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Property News 10th October 2011

TNS conducted a study throughout Spain to see if, after more than three years of economic crisis, the recession and the bursting of the housing bubble, the habits of the Spanish have changed when it comes to housing – and the findings are clear.

84.3% of Spaniards continue to be in favour of owning a property.  Only among young people has renting increased.

The study showed figures representing a strong demand for houses that will be purchased as soon as access to credit improves.

Figures also show that the number of home owners will continue to increase.

64.9% of respondents felt that a house is the best legacy you can leave.

46% of Spanish claim to have paid in full the house where they live and 79% reported having applied for a mortgage at some time to finance the purchase of a property.

Therefore, despite the crisis, the Spanish still prefer to buy.

61% of Spanish live in the same province where they work and 62.5% in the same municipality.

73% travel less than 50 kilometres (return journey) to go to their workplace, and 58.8% admitted not ever having changed their place of residence for work.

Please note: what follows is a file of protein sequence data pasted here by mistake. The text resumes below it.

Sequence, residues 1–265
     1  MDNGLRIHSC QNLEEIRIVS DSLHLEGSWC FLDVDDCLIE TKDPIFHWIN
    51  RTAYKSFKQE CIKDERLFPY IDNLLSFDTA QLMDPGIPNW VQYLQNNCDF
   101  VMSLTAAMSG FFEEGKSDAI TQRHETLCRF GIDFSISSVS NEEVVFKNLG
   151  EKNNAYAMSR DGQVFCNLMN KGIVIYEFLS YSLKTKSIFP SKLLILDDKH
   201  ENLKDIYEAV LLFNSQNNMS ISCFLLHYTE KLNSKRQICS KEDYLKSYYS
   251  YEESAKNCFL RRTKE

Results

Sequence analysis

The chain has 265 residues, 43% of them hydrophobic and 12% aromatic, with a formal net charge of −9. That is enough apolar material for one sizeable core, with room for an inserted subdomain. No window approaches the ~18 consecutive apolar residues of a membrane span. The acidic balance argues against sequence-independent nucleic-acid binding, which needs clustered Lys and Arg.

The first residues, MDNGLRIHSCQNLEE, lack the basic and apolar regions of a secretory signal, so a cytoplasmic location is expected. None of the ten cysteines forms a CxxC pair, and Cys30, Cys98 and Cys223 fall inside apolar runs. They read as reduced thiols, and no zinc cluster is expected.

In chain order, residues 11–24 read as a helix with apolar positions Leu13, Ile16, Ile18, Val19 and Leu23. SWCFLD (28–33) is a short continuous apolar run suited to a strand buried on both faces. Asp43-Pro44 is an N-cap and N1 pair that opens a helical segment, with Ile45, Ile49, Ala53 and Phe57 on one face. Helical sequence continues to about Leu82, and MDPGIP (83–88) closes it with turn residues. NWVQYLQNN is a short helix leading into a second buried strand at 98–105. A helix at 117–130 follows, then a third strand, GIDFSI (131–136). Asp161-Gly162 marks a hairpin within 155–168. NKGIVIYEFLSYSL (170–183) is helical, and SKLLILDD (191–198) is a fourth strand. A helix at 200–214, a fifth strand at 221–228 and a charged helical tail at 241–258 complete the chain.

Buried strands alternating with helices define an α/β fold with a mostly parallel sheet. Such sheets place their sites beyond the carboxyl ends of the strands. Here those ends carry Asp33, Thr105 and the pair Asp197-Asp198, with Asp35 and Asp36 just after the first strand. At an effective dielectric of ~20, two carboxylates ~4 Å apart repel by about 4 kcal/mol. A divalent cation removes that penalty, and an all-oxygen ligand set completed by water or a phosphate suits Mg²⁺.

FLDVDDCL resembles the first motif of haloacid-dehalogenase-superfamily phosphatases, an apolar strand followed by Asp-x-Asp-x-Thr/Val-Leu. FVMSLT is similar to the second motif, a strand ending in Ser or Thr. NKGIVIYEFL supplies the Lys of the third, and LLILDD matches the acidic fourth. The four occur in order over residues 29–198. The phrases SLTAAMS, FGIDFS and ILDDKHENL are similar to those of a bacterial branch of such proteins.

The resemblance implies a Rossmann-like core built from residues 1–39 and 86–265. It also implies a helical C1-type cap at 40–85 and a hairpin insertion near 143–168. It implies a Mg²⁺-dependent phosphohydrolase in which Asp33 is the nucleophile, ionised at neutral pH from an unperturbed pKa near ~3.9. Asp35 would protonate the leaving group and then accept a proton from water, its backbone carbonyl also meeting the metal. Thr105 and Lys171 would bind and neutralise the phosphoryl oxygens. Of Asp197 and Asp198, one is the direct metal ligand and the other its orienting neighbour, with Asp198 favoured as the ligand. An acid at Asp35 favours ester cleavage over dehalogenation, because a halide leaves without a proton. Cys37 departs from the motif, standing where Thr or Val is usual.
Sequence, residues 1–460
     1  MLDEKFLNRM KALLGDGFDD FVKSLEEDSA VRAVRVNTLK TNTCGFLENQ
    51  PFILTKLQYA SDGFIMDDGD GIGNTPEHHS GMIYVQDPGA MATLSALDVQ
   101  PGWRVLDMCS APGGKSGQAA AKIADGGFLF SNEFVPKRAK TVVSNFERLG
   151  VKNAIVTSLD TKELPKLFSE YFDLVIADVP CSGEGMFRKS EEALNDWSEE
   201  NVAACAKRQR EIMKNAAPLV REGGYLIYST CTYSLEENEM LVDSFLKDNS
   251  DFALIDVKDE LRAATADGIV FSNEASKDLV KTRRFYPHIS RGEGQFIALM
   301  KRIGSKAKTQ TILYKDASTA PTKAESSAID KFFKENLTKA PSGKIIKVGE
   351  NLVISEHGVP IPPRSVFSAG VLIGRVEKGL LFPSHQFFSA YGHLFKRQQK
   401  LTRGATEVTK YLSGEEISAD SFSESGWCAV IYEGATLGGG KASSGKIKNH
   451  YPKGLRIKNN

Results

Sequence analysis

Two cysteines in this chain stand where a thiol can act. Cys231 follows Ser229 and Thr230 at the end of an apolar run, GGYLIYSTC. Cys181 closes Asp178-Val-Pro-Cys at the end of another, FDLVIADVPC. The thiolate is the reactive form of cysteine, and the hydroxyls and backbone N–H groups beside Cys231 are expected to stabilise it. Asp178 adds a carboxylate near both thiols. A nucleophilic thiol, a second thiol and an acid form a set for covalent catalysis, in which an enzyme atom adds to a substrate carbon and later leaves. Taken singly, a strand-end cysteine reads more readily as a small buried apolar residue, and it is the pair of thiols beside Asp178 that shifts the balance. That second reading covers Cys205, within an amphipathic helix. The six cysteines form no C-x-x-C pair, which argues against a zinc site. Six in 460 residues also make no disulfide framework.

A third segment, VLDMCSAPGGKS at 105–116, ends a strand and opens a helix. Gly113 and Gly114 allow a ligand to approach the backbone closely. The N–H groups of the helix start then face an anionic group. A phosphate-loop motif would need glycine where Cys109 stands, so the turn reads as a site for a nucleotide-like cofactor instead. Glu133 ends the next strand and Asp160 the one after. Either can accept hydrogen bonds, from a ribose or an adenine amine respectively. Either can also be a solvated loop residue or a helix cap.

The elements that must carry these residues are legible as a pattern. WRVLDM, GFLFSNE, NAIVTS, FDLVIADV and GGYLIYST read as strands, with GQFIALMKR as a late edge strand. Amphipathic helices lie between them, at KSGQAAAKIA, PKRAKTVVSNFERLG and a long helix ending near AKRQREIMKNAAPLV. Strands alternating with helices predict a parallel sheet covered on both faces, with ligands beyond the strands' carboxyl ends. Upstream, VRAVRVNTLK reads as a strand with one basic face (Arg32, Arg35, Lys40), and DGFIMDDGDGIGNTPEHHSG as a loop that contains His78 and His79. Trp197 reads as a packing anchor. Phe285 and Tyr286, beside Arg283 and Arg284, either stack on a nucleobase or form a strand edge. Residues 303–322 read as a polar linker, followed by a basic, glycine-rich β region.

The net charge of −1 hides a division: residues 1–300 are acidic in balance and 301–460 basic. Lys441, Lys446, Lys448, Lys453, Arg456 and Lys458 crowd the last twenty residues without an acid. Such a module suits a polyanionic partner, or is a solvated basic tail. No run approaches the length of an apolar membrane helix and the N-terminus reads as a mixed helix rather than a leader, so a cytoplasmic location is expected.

When asked whether they would change their place of residence for work, 28% say 'No'. The remaining 72% might be willing to do so within Spain and only 29.4% of those would even consider moving away from Spain.

And to buy your own home, what is your ideal dream home? Does it differ much from those families have nowadays? When defining the characteristics of their ideal home, the Spanish are very clear: a house of 120 square metres with parking, storage room and garden. And while they wish for that ideal house, the actual average floor size is 96 square metres with a bathroom, and has neither a garage nor storage room as a general rule. The average Spanish home has three bedrooms, although a large proportion (42%) would ideally have four bedrooms.

As for the location, 39.8% of Spanish prefer small or medium-sized cities. Developments are chosen as the second option (21.1%), followed by rural areas (16.8%) and large cities (16.4%).


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